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Banks Hire Friendlies for ‘Independent’ Foreclosure Reviews

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Can you count on the emperor’s handpicked ministers to tell him when he’s naked? Banking regulators seem to think so.

The April consent orders against mortgage servicers let the companies pick one or more professional-services firms to review their foreclosure actions for abuses and report the findings to the agencies.

Allowing the banks to choose their own judge, jury, and jailer presents almost untenable conflicts of interest. All of the consulting firms that were initially being considered to do the work serve the banks already. The banks, and their mortgage servicing operations, are existing or prospective clients.

PricewaterhouseCoopers, for example, is the auditor for Bank of America and JP Morgan Chase, two of the fourteen servicers under scrutiny. PwC’s retired Chairman, Sam DiPiazza, is an executive of, and on the board of, Citigroup, another bank with a servicer to be reviewed. Promontory Financial Group and Treliant Risk Advisors are professional services firms that serve the mortgage servicers directly on other consulting assignments.

Complicating matters, as a result of so many mergers and acquisitions, global banks are run by layers upon layers of automated systems – like SAP and Oracle – and legacy applications created from Cobol and other, older programming languages. All this software and hardware is held together by band aids, string, duct tape, manual processes, lots of unsecure spreadsheets, and crossed fingers.

The consulting firms hired under the consent order were also expected to address the bigger and more complicated management information systems issues. But it’s tough to find qualified firms that aren’t already working with the banks on these significant challenges and thus aren’t conflicted.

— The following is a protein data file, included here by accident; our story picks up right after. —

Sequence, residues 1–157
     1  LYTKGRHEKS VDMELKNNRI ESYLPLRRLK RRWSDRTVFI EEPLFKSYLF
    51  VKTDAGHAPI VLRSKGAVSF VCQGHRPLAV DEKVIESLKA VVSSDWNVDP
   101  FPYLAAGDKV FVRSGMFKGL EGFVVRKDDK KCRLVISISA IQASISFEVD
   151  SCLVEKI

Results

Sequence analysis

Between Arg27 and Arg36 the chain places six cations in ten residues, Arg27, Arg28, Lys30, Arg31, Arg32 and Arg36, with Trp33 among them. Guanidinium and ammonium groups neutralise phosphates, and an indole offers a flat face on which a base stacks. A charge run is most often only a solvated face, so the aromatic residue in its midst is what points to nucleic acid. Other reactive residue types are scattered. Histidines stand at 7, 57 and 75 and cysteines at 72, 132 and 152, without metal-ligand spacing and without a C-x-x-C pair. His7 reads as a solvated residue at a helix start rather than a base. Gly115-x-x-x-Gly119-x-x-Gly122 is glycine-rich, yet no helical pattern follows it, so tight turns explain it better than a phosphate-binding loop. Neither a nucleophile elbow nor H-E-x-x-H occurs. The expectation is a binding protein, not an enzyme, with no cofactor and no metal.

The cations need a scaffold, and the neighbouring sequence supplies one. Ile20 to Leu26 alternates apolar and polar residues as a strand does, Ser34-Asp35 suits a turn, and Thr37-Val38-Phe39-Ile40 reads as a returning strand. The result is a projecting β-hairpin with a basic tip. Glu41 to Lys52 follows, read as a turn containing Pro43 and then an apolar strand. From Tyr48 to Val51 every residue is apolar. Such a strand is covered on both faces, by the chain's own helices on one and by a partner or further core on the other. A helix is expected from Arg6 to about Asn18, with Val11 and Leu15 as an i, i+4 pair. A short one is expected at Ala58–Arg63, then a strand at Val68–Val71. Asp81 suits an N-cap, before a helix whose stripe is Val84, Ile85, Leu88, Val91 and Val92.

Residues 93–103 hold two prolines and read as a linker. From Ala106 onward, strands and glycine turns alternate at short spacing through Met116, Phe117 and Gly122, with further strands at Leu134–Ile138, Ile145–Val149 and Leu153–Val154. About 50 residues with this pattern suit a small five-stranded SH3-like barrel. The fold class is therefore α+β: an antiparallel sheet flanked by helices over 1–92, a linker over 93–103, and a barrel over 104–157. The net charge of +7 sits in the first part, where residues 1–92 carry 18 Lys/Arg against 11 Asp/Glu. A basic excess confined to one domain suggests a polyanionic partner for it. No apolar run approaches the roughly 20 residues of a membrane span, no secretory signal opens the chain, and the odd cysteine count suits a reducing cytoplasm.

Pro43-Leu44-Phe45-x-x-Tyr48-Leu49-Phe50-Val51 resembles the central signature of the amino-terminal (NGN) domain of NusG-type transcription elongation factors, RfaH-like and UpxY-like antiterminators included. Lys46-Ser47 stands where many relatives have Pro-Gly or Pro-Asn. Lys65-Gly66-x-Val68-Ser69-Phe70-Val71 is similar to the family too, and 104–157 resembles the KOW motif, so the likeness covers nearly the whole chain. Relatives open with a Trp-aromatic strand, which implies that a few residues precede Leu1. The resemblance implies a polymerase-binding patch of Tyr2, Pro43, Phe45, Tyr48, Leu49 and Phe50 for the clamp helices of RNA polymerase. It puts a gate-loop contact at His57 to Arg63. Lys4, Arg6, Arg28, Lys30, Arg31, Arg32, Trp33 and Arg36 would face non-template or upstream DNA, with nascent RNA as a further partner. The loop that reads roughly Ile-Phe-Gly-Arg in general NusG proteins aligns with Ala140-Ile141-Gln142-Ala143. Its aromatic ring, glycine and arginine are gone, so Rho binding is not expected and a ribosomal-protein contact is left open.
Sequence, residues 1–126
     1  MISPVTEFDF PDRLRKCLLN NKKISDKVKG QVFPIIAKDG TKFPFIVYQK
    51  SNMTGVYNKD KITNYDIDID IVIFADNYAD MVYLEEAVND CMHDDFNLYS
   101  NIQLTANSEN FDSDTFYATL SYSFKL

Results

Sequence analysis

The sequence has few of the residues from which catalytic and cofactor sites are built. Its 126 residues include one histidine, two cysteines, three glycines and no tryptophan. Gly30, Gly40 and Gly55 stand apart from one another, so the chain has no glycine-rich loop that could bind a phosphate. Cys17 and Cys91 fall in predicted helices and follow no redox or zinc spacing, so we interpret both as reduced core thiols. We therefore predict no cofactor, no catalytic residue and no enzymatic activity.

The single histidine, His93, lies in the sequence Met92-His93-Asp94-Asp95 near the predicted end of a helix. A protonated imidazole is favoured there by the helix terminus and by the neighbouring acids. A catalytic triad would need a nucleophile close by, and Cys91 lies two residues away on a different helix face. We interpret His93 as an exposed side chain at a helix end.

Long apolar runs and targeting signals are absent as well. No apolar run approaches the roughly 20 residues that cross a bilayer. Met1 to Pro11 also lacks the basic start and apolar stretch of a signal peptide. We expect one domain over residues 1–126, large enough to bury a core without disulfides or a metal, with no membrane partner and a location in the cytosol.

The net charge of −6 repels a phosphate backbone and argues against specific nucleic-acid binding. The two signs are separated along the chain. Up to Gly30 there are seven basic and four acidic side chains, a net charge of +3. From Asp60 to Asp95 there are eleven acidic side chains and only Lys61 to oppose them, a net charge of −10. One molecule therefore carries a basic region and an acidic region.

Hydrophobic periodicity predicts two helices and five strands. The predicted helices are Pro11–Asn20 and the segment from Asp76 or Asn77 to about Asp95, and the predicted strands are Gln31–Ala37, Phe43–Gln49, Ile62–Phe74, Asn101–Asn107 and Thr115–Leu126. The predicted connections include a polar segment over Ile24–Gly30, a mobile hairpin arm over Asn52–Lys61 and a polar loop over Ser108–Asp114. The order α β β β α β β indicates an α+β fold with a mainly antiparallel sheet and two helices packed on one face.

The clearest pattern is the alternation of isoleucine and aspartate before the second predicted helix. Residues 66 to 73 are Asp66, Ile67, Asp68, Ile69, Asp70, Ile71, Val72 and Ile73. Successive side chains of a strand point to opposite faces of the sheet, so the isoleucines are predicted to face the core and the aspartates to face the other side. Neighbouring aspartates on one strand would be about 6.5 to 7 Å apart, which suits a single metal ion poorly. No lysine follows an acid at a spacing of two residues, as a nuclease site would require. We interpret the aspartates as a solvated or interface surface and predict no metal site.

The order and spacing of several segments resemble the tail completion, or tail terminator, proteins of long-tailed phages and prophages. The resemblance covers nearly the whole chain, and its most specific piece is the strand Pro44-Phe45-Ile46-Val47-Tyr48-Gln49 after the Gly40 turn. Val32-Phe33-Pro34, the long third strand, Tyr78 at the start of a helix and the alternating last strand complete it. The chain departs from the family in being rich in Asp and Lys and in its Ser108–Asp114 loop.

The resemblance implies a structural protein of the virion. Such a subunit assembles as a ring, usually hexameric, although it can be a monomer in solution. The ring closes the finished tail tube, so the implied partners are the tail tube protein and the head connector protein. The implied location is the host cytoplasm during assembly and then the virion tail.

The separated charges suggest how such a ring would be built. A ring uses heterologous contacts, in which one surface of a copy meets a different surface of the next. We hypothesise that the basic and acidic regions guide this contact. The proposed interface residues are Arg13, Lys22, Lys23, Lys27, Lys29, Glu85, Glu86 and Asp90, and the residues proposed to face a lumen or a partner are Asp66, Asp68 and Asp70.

The Office of the Comptroller of the Currency says it has been sensitive from the beginning to potential conflicts of interest between the consultants and law firms and the banks hiring them to do the reviews.

“We did reject some consultants and law firms submitted by the banks because of conflicts,” OCC spokesman Bryan Hubbard told me. “We were very aware of the impact of actual and perceived conflicts of interest.”

The banks have contracted with and will pay the vendors directly. Without bank-by-bank disclosure of the reports and the vendors that wrote them, we’ll never know if the process to right these wrongs was truly independent and objective.

Hubbard told me that there has been no final decision by the OCC regarding public disclosure of the action plans, the results of each bank’s reviews, or the vendor names. Of course, the banks could always decide to make public the reports, and the names of the law firms and consultants they employed.

Julie Williams, First Senior Deputy Comptroller and Chief Counsel of the OCC told Congress in July that, “these firms are required to operate independently and avoid interests or priorities that conflict with areas addressed in the Orders [and] to specify in their engagement letters with the servicer that their foreclosure review work will be subject to the direction of the OCC and not the direction, control, or influence of the servicer.”

I’m crossing my fingers.

Francine McKenna writes the blog re: The Auditors, about the Big Four accounting firms. She worked in consulting, professional services, accounting and financial management for more than 25 years.